Psalm 39 speaks to those times when we’d like God to just leave us alone.
I like to recite a psalm in my morning prayers. Recently that brought me to Psalm 39. In the past I have tended to read it and move on. It seemed to be just another lament psalm like so many others in the psalter, and not a very memorable one at that.
This particular morning I was reciting it from a translation I acquired a few years ago.* The translator gave the psalm a different cast from other translations I have used.
Lament psalms form a large proportion of the psalter. Most of them bemoan the seeming absence of God from the psalmist’s life or God’s delay in coming to the psalmist’s assistance in his need. The question is: Where is God when I need him?
Psalm 39 is a lament psalm too. But instead of lamenting God’s absence or God’s procrastination, the psalmist seems to be lamenting God’s too overwhelming presence in his life. It’s as if the psalmist is experiencing too much of God. He wants some relief.
Stop tormenting me;
You strike and I grow weak.
You rebuke us for our sin,
eat up our riches like a moth:
we are but a breath. (Psalm 39:11-12)
Now sometimes we can feel this way because we are feeling especially guilty. The searching eye of God seems to be exploring every dark part of our personality and behavior. We squirm.
But additional words in the psalm make me feel as if there is more to the psalmist’s torment:
Stop looking so hard at me,
allow me a little joy
before I am no more. (Psalm 39:14)
Psalm 139 seems to be expressing a similar feeling when it says:
Where can I hide from you?
How can I escape your presence? (Psalm 139:7)
Both psalms speak to me about those times when we feel God is too much in our face. They talk about those times when we experience God as our divine helicopter parent. God hovers over and around and within us. We’re not sure we like it.
I think this language talks about more than just that uncomfortable feeling when our sense of sin makes us feel so unworthy in God’s presence. God loves us, deeply and profoundly. In his love he wants the very best for us and the very best out of us (as every caring parent wants for his or her child). He wants to see his creative intention for each one of us fulfilled to the fullest. Only that will give us the greatest happiness.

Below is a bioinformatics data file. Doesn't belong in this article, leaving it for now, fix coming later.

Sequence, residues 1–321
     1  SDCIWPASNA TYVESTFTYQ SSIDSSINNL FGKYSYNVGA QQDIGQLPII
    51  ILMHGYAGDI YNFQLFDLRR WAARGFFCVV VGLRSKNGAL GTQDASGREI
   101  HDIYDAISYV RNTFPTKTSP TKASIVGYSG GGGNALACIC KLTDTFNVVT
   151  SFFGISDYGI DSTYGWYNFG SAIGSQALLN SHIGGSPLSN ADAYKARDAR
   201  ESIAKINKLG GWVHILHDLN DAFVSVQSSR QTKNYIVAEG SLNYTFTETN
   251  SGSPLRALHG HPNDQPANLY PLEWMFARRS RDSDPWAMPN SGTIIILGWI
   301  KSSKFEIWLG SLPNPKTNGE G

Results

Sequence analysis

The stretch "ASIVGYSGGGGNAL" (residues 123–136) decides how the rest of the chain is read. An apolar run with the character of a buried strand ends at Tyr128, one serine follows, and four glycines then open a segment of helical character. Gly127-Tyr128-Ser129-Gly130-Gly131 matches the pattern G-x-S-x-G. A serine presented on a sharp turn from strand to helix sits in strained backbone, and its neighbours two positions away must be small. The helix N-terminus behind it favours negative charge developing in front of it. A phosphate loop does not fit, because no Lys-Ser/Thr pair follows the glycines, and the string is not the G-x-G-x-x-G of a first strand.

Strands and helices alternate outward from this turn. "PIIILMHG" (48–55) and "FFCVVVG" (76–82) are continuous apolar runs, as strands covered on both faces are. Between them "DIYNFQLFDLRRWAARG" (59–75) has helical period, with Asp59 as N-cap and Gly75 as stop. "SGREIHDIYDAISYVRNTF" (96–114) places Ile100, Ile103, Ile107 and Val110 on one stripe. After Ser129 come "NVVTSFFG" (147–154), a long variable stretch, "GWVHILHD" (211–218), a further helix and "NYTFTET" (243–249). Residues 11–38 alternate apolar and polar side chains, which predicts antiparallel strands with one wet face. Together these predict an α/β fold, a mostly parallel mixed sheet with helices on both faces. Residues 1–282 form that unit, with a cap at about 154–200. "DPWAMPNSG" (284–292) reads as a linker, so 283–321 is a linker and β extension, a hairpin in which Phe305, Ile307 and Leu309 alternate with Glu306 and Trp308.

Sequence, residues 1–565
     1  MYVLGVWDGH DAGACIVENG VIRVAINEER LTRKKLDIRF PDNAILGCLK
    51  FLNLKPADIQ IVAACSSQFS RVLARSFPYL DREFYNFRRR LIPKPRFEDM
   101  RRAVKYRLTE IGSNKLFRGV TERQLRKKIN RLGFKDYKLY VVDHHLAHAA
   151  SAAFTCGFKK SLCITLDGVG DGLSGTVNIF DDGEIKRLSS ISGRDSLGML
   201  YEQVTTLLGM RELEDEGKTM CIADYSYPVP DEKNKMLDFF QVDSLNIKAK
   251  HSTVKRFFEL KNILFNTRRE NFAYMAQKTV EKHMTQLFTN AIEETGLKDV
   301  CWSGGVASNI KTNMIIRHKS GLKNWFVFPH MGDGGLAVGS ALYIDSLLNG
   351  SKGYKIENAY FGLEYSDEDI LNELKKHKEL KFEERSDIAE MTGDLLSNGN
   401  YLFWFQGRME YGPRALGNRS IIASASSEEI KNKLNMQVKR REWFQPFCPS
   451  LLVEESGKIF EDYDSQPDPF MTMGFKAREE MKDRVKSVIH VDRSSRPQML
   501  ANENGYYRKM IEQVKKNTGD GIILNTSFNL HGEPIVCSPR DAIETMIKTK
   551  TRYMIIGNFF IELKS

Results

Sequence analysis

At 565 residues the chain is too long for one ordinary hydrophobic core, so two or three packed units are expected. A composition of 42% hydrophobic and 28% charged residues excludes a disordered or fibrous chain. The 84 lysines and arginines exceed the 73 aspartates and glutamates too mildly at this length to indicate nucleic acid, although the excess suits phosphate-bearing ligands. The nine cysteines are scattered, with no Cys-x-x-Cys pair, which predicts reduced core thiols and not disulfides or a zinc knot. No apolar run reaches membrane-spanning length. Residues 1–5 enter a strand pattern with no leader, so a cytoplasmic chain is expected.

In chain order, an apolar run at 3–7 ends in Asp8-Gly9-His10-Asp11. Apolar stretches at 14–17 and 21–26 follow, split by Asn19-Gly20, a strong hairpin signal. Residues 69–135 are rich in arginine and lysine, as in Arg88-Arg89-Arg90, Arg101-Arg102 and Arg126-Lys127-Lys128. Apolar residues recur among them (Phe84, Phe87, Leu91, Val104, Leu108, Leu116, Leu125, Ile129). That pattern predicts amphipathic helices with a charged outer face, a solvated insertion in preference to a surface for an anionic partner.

But we are only too happy to settle for second best. We accept mediocrity as the best we can produce because aiming for the very best is going to be just too much hard work or will require us to tackle some truly scary challenges. Life may become very tumultuous and upsetting in the process. We are glad to settle for something a little less demanding.
I’ve come to believe, however, that God likes to challenge our compromises. At least that has been my experience at times. The more he does, the more we may come to feel that we would like God to back off. As the psalmist says, “Allow me a little joy before I am no more.”
But God seems determined not to let us become comfortable with anything less than the very best he has created for us. So he continues to challenge us throughout our spiritual journey.
This is not the only way God relates to us, nor does it express the totality of our Christian experience. But I think it is important to acknowledge that this is one aspect of our spiritual journey. For that reason, there will be times when we, like the psalmist, want to say to God, “Please, just leave me alone.”
John Calvin once described the psalms as providing an anatomy of all parts of the soul.** As we immerse ourselves into the psalms, we find indeed the whole range of our experiences with God reflected in its lyrics. That’s why, I think, believers so love them.
* The translation of the Psalms I was reading is The Psalter: A faithful and inclusive rendering from the Hebrew into contemporary English, compiled by the International Commission on English in the Liturgy. Published by the Archdiocese of Chicago’s Liturgy Training Publications, 1994. It has not received an imprimatur for use in Roman Catholic services, but I still find it a thought-provoking translation.
** A short summary of Calvin’s view on the psalms can be found in an unfinished article titled “John Calvin and the Wonder of the Psalms,” by the Rev. Angus Stewart of the Covenant Protestant Reformed Church in Ballymena, Northern Ireland.